Around the world there are laws that severely restrict incentives for many transactions, such as living kidney donation, even though altruistic participation is applauded. Proponents of such legislation fear that undue inducements would be coercive; opponents maintain that it merely prevents mutually beneficial transactions. Despite the substantial economic consequences of such laws, empirical evidence on the proponents’ argument is scarce. I present a simple model of costly information acquisition in which incentives skew information demand and thus expectations about the consequences of participation. In a laboratory experiment, I test whether monetary incentives can alter subjects’ expectations about a highly visceral aversive experience (eating whole insects). Indeed, higher incentives make subjects more willing to participate in this experience at any price. A second experiment explicitly shows in a more stylized setting that incentives cause subjects to perceive the same information differently. They make subjects systematically more optimistic about the consequences of the transaction in a way that is inconsistent with Bayesian rationality. Broadly, I show that important concerns by proponents of the current legislation can be understood using the toolkit of economics, and thus can be included in cost-benefit analysis. My work helps bridge a gap between economists on the one hand, and policy makers and ethicists on the other.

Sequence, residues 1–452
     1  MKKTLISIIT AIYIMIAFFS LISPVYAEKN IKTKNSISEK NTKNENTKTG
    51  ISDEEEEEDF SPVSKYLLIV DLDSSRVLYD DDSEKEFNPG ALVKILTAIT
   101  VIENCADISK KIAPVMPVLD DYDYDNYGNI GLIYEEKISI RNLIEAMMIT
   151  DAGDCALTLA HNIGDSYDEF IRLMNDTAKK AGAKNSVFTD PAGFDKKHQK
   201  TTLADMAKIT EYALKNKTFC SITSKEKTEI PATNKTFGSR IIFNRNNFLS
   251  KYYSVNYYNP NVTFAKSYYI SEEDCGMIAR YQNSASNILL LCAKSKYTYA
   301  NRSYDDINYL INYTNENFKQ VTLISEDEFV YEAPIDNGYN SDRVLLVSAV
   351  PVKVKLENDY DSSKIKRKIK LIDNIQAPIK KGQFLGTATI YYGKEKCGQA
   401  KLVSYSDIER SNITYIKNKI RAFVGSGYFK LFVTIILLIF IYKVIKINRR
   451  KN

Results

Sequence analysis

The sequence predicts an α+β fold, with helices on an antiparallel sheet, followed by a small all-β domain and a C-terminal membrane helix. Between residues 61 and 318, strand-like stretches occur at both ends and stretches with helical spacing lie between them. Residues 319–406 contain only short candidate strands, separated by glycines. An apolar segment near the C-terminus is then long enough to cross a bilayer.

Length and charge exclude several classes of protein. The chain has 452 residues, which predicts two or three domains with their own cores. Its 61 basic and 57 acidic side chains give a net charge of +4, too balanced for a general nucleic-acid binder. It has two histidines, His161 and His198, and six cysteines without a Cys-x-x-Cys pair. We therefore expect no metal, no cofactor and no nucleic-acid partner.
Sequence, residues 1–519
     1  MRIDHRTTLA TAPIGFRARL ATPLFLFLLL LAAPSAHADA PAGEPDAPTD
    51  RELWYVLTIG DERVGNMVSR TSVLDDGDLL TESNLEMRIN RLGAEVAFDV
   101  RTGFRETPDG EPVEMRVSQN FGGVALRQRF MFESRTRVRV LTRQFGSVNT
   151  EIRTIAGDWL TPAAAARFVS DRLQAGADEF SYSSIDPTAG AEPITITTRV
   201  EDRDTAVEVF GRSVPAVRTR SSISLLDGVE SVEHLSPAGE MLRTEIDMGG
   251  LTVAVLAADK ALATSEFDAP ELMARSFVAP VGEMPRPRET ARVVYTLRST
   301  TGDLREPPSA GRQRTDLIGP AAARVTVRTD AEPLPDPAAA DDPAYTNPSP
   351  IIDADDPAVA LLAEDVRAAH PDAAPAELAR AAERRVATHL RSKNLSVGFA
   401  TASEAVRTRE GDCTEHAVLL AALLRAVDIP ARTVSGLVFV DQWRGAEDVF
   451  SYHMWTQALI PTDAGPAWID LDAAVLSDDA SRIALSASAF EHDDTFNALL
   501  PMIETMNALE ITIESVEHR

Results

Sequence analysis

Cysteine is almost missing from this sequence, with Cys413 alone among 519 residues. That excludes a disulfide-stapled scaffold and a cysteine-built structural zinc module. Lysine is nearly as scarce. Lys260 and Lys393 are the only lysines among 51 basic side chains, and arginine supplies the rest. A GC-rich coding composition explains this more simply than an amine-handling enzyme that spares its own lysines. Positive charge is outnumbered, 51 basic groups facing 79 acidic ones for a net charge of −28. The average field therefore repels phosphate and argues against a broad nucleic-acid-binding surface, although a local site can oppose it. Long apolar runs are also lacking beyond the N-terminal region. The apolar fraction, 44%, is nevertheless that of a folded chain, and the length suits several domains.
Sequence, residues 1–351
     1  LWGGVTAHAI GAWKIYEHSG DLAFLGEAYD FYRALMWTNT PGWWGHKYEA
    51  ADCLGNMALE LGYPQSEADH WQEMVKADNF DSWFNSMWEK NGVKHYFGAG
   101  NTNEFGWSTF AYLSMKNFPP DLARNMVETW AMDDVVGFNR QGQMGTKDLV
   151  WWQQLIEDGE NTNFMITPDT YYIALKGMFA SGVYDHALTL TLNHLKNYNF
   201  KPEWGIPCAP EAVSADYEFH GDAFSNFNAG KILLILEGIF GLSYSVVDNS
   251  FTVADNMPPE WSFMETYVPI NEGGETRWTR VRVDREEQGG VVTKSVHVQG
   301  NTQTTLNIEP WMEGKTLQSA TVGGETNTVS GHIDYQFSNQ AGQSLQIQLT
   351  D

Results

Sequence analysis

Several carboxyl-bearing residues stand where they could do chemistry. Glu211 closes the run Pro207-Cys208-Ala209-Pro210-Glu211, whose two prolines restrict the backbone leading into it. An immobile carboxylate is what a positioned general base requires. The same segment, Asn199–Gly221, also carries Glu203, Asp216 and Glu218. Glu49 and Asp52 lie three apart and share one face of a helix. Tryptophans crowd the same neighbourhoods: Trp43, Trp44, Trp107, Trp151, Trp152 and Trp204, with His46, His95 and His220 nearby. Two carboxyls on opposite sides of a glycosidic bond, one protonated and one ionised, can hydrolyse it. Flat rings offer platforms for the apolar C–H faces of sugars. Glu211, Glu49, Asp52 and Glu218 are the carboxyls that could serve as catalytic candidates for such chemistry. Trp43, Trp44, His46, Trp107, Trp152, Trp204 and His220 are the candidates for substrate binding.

Of course it also can be said that incentives make individuals less Bayesian in their orientation.  I say who needs Bayesians anyway?  Society is built on a certain faith we all have in the benefits from cooperating with others.  When you know you might be paid to eat an insect, you sample more “yum-pro-insect” propaganda, and you interpret it more favorably.  Furthermore subjects do not in advance predict these self-persuasion effects.  So “bait and switch” marketing techniques may succeed in warming individuals up to ideas, even if the promised prize is eventually yanked.

In any case, how can you not love a paper which has, on p.4, the following sentence: “In the first experiment I use cash to induce subjects to eat whole insects, including silkworm pupae, mealworms, and various species of crickets.”

With or without chili sauce?  The future of commercial society may depend on it.

I enjoyed this sentence too, from p.18:

Participants cannot be forced to ingest insects.

Here is Sandro writing with Muriel Niederle and Al Roth in the AER on the moral plausibility of strong incentives.

Chinese billionaire Liu Yiqian, who doesn’t exactly struggle to afford a plane ticket, can now likely fly free, in first class, with his whole family, anywhere in the world, for the rest of his life.

All because he bought a painting.

Liu was the winning bidder for Amedeo Modigliani’s Reclining Nude at a Christie’s auction earlier this month, offering $170.4 million — and when the sale closes, he’ll be putting it on his American Express card.